The King's View


Hammer strikes chisel, metal on metal. A heavy thunk as it cracks into stone. Mortar becomes dust. Dust is picked up by the breeze and disappears.

Repeat, day after day. How many stones make up a castle? Ten thousand? A hundred thousand? Hewn from the ground, laid to rest, and 800 years later, I chip and chisel and hammer.

I really enjoy it here. Who wouldn’t? Sunshine, good mates and a 360-degree view from the top of a castle on the coast. The only limitation is my mind, and over the weeks I’ve created an imaginary landscape around me. 

Inland, the mountains rise to distant summits. Imagine running along that ridge-line? Or finding a hidden crag in that valley? The mountains entertain my mind and it’s wanderings. The horizon rolls and folds, a temptation from where I’d rather be.

In front of me is the sea. The tide rolls in, the river flows upstream. We must be on springs now, because dark green water races under the bridge, foaming and frothing. The tide turns, flowing out of the estuary now, and the yachts spin on their buoys to point in the other direction. 

My mind creates again. A sailing boat: but where would you sail? Big walls in Greenland? The Southern Ocean? The open water beckons.

The sea recedes further, leaving a scratch of bright sand in the estuary; a bare strip of a desert island. Down on the streets below the castle, cars buzz around the town like worker bees. There’s a hustle and bustle, a honk of the horn, a shout from one of the lads. I enjoy it here. Imagine the people who have stood here, seen this view. Soldiers; barons; kings?

In the evenings, with a few hours of light left, I snatch simple pleasures. Running, climbing, I’ll put off life admin for another day. I wonder when I’ll ever get a chance to catch up on everything. My constant desire to run, move, push, pull means the evenings are a golden opportunity to exercise. These short hours are precious. I have to focus on the big picture: Himalayan trips later this year.

Running again, and I’m soaked by the rain. Maybe I’ll only have a short run today, I think; I’m recovering from Ben and Tess’s wedding at the weekend. I jog up the road, leaving the village behind. Grey slate roofs are hunched together, tucked in against the storm.

Finding my motivation is harder this evening. Up the road, my legs push steadily. I run past a parked car, and it’s the local lad from down the street. I can hear the car’s thumping bass over the sound of my own thumping heartbeat. There’s two of them in the car, and they roll joints, completely oblivious to me jogging past. I’ve seen him rally drive around the village, skinhead and aggressive. Two different lives passing in the rain, and I’m glad I’m going uphill.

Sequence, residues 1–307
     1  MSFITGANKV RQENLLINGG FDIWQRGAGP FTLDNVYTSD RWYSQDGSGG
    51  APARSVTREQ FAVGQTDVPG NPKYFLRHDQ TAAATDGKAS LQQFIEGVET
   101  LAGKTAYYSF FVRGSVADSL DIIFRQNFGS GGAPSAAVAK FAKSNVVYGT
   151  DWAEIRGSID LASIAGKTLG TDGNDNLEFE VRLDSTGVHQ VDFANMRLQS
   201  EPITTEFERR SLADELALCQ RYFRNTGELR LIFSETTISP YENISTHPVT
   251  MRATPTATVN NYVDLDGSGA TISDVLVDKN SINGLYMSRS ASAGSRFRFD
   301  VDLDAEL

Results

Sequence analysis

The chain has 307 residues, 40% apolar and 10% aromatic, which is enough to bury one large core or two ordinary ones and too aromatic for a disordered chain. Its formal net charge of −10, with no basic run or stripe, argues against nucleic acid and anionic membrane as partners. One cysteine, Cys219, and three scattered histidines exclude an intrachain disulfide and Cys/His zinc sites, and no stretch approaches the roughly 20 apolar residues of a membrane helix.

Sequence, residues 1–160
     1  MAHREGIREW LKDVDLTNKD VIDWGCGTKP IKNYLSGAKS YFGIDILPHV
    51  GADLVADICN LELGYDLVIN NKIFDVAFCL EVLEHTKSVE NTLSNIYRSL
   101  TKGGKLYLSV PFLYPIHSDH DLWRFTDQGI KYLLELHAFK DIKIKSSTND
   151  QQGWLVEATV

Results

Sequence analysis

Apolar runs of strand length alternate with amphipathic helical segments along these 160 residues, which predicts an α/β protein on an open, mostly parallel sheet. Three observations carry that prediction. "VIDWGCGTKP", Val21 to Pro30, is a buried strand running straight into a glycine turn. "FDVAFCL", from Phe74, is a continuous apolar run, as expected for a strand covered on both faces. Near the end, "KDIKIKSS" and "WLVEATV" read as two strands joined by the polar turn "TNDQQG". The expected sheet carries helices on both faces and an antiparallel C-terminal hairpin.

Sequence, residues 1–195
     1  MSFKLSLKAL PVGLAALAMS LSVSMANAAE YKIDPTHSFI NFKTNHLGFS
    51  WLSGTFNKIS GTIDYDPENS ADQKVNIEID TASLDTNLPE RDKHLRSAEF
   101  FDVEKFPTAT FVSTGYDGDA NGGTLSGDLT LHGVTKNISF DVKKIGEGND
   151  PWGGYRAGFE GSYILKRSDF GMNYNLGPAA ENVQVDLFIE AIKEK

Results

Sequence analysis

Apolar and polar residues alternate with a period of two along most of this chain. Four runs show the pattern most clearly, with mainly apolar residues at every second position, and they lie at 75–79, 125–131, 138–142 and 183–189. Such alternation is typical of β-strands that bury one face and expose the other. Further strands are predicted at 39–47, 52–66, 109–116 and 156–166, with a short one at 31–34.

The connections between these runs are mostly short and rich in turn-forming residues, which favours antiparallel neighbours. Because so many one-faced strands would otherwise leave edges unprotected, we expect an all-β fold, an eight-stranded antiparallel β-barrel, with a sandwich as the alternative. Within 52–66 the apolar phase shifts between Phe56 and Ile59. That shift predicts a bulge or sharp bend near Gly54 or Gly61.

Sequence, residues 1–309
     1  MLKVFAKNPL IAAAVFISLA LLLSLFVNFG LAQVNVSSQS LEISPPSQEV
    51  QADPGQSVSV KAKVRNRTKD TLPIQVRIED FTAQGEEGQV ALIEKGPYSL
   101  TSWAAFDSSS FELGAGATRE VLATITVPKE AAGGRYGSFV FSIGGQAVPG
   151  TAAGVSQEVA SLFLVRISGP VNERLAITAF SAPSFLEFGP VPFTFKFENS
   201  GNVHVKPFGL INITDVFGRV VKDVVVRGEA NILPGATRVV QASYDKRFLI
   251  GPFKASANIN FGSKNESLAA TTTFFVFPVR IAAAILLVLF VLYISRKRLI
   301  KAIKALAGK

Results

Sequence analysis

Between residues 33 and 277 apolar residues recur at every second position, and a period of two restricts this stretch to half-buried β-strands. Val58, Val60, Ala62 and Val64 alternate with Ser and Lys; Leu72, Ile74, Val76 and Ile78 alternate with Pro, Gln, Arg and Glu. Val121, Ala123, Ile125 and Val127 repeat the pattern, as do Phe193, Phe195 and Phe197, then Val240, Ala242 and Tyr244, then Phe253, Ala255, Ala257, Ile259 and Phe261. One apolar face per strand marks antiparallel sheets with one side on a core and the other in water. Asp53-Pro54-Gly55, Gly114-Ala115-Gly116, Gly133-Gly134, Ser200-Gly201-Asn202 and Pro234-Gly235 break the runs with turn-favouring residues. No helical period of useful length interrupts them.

Into the mountains now, and they’re particularly unwelcoming. Storm clouds fire over the ridge. They skim just above the ground like a fighter jet, launched by strong winds. My hood’s up, head’s down, legs keep pushing. I doubt anyone else is out today - and why would they be? Weekday night, the lads are talking about getting pissed up in the pub. But here I am, slogging up a hill in the pissing rain. I wouldn’t swap this for anything.

I lure myself further, tricking my mind. One more hill, and before I know it, I’m going for the full circuit. Another hill, let’s have it! my mind encourages, catching up now. Push on, push up. Body and mind work together and I run on, with the mountains and wind and clouds.

The view from the top is bizarrely clear, and I'm suddenly delighted to be here. I can see it all: the hills, the Lleyn peninsula and Anglesey. It feels as if the view is all mine.


Another late finish by headtorch; legs will be tired in the morning. A thick brain-fog has settled over me again, too many long evenings - and perhaps trying to squeeze in too many miles. I collapse into bed, ready to do it all again tomorrow.